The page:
“Family therapy often addresses a family system’s difficulty — like poor communication or frequent yelling matches — rather than a child’s clinical diagnosis, like depression or anxiety.”

— Dorothy McLeod Loren, clinical psychologist

Family therapy 

As McLeod Loren describes, while other types of therapies on this list single out the child as the individual needing intervention, family therapy puts the spotlight on the unit.

“A family therapist might help a family observe patterns of interaction and communication within the family unit and change these to be more effective,” she notes. “Family therapy often addresses a family system’s difficulty — like poor communication or frequent yelling matches — rather than a child’s clinical diagnosis, like depression or anxiety.” However, she notes that family therapy is often coupled with other forms of therapy to ensure the best result for the child.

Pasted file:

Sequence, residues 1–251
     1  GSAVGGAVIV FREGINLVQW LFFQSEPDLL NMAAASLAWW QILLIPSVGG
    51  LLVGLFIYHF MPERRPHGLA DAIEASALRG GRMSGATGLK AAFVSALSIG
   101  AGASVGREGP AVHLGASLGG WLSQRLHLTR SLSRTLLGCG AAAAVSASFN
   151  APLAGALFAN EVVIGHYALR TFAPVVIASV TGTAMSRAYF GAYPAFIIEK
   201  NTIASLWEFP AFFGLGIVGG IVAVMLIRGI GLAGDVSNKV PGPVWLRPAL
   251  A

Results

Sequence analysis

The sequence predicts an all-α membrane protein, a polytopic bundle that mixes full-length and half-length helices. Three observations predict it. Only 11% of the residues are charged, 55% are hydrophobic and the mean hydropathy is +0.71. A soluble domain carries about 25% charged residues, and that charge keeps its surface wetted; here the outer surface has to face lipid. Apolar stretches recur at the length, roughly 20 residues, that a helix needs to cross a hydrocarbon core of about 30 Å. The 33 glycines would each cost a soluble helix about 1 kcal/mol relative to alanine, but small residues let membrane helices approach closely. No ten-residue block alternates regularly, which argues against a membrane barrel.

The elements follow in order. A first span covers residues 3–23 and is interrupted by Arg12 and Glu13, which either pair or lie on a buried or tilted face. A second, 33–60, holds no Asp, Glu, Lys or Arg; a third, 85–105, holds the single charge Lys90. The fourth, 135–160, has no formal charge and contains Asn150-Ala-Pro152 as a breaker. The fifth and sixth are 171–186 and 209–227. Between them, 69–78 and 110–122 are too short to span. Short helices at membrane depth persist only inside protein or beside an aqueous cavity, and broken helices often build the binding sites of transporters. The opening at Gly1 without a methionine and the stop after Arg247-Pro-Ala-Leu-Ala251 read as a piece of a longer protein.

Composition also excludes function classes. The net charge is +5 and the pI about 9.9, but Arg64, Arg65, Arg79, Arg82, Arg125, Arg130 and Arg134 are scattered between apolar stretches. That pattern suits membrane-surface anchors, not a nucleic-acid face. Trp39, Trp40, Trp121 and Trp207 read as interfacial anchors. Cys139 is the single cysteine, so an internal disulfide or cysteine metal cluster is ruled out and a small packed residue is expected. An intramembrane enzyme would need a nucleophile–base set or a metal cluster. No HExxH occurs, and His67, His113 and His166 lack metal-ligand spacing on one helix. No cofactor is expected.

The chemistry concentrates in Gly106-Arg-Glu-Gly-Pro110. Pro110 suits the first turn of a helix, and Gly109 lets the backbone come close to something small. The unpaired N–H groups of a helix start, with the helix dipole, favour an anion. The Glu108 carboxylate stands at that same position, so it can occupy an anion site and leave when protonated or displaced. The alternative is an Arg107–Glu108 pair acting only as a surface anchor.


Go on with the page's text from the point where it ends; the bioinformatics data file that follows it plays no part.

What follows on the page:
Why it’s beneficial: If a child is struggling, there’s a chance the surrounding unit might be struggling, too, making family therapy an especially holistic approach to mental health. And it can take on multiple forms, too: McLeod Loren says that, in her experience, family-based treatment for eating disorders can often be one of the best ways to help young people improve their relationships with food. 

Motivational interviewing (MI)

As Williams explains, if a child is struggling with substance abuse or is having difficulty following a particular direction (say, a medication or treatment plan from a doctor), motivational interviewing can be a solid short-term solution. “MI helps young people change their behaviors by tapping into their internal motivations to do so,” she notes. “This treatment is typically short-term and effective for health-related concerns.” 

Why it’s beneficial: Studies have shown that MI is proven effective in treating a wide range of situations, including alcohol, drug and tobacco use, unhealthy diet patterns and adherence to medication regimens. 

Parent-child interaction therapy (PCIT)

Parent-child interaction therapy is most helpful for children between 2 and 12 years old and (oftentimes) who are exhibiting behavioral problems like destructive behaviors or tantrums — and who are sometimes considered at-risk for more serious behavioral issues, says Singer. Therapists work directly with children and parents (often through play) to decrease harmful behaviors.